The Red Planet squares off with a red giant this month. Mars is currently just 15 degrees (a fist and a half) above and to the left of the one of the best-known variable stars, Mira the Wonderful. Mira gives cause for wonder because it occasionally glows as bright as the North Star and but then disappears from naked-eye view a few months later.
Mira's light varies because it pulsates and changes in size which affects its temperature and brightness. Picture blowing up a balloon, letting out some of the air and then blowing it back up again. When Mira contracts, it heats up and brightens, and when it expands, it cools and fades.
You need a small telescope to see the star minimum, but right now, it's close to maximum brightness for the current cycle and shines at third magnitude. That's a magnitude fainter than the stars of Orion's Belt, but it's still easy to see especially with Mars as your guide.
Mira is 1.2 times as massive as the sun but much larger! Its diameter varies from about 287 million miles (332 times the size of the sun) to 348 million miles (402 times solar). Mira is huge because it's old, about 6 billion years, and changes happen inside geriatric suns that make them puff up.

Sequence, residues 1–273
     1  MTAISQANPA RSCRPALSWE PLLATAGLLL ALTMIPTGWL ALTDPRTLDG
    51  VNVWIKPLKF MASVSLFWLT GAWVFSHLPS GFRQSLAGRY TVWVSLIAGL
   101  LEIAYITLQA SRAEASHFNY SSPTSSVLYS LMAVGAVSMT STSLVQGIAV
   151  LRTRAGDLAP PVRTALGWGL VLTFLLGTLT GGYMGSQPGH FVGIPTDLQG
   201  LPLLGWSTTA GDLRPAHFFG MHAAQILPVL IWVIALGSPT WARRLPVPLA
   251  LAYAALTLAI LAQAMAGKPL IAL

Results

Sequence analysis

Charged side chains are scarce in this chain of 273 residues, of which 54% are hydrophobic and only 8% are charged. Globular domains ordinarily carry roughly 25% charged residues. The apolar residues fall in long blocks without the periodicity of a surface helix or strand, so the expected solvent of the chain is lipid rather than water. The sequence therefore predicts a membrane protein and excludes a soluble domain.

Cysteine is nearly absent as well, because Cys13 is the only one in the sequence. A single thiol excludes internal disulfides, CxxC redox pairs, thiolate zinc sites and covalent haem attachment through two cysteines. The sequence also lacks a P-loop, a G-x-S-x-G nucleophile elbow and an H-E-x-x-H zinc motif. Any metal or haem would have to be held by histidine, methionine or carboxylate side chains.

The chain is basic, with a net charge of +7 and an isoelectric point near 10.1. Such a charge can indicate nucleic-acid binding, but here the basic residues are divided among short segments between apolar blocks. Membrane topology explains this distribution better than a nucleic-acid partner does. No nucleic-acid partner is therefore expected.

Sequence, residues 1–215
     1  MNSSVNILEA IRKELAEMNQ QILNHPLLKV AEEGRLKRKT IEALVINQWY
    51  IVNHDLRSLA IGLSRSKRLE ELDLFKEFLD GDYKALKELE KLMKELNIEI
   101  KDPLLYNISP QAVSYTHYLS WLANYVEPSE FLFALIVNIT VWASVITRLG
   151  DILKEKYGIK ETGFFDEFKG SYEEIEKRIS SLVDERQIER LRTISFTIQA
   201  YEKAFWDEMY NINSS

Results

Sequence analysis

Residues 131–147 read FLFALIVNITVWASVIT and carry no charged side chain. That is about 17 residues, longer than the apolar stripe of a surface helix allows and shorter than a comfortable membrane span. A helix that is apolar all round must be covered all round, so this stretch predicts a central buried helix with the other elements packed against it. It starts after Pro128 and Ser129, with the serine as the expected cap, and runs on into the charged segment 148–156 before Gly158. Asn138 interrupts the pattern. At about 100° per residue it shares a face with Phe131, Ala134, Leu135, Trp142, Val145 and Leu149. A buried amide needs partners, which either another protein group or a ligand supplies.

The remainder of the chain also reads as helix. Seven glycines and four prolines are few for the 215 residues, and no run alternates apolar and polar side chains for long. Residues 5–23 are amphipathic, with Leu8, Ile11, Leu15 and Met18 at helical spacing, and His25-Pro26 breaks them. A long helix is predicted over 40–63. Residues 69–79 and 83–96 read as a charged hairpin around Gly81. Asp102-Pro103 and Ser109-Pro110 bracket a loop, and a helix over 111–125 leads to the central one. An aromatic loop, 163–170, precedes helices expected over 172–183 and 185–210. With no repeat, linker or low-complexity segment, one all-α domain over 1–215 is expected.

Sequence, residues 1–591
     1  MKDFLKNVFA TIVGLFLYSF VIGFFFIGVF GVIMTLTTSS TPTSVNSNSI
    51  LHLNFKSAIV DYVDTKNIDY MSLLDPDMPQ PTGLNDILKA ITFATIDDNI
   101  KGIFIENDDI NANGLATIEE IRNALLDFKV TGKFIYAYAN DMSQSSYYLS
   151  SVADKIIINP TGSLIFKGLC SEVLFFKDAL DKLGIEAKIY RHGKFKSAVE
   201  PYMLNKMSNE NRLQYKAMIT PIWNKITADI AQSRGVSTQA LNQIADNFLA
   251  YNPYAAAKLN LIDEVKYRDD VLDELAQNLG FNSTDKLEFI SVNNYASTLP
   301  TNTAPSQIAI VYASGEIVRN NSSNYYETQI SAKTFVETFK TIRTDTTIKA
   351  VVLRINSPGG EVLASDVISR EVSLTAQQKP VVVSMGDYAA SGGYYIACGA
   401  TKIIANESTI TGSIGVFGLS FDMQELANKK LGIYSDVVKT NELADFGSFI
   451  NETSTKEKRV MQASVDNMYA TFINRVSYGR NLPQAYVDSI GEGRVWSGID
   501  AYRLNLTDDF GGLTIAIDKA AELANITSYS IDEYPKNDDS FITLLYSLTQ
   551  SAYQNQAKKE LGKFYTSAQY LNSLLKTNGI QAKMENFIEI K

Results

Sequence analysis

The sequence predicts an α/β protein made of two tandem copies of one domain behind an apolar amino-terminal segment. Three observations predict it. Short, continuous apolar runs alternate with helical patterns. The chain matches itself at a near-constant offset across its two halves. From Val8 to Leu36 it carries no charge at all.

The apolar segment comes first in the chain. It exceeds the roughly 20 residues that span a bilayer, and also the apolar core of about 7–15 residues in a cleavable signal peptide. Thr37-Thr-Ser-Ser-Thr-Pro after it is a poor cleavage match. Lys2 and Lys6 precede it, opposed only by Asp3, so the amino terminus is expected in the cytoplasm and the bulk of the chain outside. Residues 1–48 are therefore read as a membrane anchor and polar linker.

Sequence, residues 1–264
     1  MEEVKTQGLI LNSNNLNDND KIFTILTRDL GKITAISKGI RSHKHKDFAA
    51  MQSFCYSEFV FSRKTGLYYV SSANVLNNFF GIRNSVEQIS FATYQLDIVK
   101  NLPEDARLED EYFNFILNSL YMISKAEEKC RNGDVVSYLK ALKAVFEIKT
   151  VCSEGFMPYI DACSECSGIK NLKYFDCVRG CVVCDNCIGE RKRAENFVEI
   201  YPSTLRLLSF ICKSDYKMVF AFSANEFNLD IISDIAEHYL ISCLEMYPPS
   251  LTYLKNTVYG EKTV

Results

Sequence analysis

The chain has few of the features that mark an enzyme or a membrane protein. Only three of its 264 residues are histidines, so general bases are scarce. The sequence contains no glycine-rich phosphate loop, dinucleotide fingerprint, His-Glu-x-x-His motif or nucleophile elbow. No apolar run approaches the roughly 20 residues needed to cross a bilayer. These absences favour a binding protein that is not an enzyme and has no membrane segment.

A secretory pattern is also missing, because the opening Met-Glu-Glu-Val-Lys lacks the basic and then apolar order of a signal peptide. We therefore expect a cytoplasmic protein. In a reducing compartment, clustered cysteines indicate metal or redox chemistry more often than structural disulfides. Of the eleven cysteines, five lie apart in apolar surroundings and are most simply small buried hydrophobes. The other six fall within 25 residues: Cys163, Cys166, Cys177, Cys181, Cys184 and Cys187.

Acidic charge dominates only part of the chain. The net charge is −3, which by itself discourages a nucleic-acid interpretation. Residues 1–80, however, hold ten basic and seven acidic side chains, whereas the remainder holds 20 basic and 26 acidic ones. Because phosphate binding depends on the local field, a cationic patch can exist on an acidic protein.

The sun fuses hydrogen into helium in its core, liberating the energy that makes it hot and bright. Mira burns both hydrogen and helium. Helium burning occurs in a shell around its core and produces carbon and oxygen as byproducts. Hydrogen burns in a shell closer to the surface and causes the star to expand to gigantic proportions. If you replaced the sun with Mira, it would extend two-thirds of the way to Jupiter. Earth would not fare well in this scenario.
Variations in the rate at which heat from inside the star escapes to the outside leads to pulsations. Unlike the sun, Mira is out of balance. Radiation generated in the sun's core neatly pushes back against the pull of gravity, and its diameter holds steady. Mira gets overly hot inside and expands. Expansion causes its outer layers to cool and then contract again, initiating another cycle.
Mira's instability makes it fun to observe. If you watch the star starting now, when it's brightest, you'll see it fade over fall and winter. In your mind's eye you picture is growing larger and larger and cooler and cooler. By the time Mars resumes its normal eastward motion and passes near the star again in January, Mira will probably require binoculars to see.
Most stars appear the same brightness year in and year out, but you can always count on Mira to spice things up.
"Astro" Bob King is a freelance writer for the News Tribune.